Over at Templer Interiors in San Francisco, CA, owner Susan Templer has been targeting a more upscale clientele for 2006 by updating her Web site. She explains, “I currently have a Web site that has been bringing in more business all the time, so I am in the process of both handling a lot of new work and trying to incorporate a whole new look for the site. It is about three years old right now and I think if it got a more modern, slick look with some of the flash features, that would help to bring in a higher-end client. I haven’t done anything for 2005 on this, but for 2006, I hope that I will be able to [move to a higher-bracket clientele], in part through the updated Web site.”
Templer is also planning to be a bit more selective with clients, and with the type of work she takes on in ’06. She explains, “I really look at what has been coming in – I take a good hard look at the leads from my Web site and referrals from contractors, and then I choose what jobs I am going to take and what my focus will be, naturally looking toward taking on more of the bigger and higher-end jobs.”
She adds, “In San Francisco, there isn’t a lot of new construction, but I did do my first consulting job including kitchen and bath design on a new construction. I took that one on intentionally. I consulted from the ground up, [and that’s an area I’d like to get move involved with in the future].”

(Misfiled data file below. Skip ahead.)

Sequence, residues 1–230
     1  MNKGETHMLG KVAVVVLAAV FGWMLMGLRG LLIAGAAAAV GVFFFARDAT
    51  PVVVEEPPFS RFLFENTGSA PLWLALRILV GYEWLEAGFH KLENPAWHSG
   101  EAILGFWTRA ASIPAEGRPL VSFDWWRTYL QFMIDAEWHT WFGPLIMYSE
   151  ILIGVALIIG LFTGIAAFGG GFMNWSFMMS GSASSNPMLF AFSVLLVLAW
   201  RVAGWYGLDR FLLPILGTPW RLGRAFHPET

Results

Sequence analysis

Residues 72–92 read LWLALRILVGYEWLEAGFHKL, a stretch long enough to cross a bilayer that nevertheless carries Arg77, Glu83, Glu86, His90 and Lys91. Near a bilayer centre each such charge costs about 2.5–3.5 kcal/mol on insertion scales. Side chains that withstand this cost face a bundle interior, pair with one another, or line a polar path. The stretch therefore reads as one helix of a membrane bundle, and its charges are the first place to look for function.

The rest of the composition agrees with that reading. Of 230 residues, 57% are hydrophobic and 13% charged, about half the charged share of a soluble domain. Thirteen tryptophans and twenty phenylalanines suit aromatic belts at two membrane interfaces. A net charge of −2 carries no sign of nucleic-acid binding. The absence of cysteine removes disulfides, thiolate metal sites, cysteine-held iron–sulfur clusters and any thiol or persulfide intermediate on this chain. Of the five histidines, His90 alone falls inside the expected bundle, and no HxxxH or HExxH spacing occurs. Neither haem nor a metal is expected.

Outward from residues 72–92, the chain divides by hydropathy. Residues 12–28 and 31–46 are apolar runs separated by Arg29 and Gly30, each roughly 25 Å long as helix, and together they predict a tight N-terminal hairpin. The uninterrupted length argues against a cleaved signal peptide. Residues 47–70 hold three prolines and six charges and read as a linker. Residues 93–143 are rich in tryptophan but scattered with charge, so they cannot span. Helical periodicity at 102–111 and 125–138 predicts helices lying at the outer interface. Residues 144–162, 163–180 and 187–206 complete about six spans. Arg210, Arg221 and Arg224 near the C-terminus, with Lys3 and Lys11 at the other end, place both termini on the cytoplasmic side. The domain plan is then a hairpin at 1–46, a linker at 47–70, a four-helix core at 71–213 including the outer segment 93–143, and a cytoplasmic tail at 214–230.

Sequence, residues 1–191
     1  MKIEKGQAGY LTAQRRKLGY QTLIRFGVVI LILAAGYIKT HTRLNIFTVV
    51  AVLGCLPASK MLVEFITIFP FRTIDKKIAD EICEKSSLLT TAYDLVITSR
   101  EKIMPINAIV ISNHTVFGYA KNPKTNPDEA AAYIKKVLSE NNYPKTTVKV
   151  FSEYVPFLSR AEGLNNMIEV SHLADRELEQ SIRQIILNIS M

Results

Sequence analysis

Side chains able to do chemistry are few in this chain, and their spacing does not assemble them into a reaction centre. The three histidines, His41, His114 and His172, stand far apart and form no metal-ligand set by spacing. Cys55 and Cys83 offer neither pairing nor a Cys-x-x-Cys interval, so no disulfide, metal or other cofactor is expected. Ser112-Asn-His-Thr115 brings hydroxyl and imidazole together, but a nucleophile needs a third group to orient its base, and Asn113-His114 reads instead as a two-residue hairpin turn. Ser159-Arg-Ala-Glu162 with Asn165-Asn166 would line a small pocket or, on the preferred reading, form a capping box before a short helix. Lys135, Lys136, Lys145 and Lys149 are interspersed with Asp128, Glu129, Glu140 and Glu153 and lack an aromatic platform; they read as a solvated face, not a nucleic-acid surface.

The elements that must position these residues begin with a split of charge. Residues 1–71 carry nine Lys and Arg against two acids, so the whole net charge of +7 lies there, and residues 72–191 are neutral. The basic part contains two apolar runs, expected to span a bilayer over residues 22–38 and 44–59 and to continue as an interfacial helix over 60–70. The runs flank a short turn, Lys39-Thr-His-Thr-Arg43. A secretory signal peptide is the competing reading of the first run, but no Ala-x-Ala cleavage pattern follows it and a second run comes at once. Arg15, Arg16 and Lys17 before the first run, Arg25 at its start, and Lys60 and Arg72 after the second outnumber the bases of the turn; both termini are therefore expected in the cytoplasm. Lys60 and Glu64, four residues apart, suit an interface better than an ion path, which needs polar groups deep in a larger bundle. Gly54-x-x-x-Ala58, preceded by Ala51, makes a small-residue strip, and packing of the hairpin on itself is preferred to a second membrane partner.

By contrast, Deborah Krasner, owner and founder of Kitchens for Cooks in Putney, VT, will work with clients from any price point, as long as they share one specific trait: a love of cooking. She notes, “I have clients for whom price is no object, and I have other clients for whom price is a pressing concern and I am happy to work at both ends of the market. My concern is really to support people who want to cook. Part of my vision for myself is to help people who want to cook for themselves, their families and their friends.”
She adds, “I think the kitchen needs to be not only a functional place to cook in, but it also has to support the emotional life of the people who use it. For that reason, I developed a whole theory of kitchen design based on zones, so that more than one person can cook in a kitchen at a time. I can be flexible design-wise, but with every case, I try to customize kitchens for the people who will be using them.”
For McGlaughlin, marketing is something that should take a multi-faceted approach, and her goal for the coming year is to use her marketing efforts to “renew our image in the community.” Her firm’s current efforts include “a lot of radio advertising, and we are having an open house this fall in celebration of National Kitchen & Bath Month. We are also promoting within our showroom through our displays, and we believe that keeping a fresh approach will give our customers something to be excited about.”
Harvey is looking to put in a demonstration kitchen in 2006 in which he can hold special events, classes and wine and cheese parties geared toward bringing people into the showroom.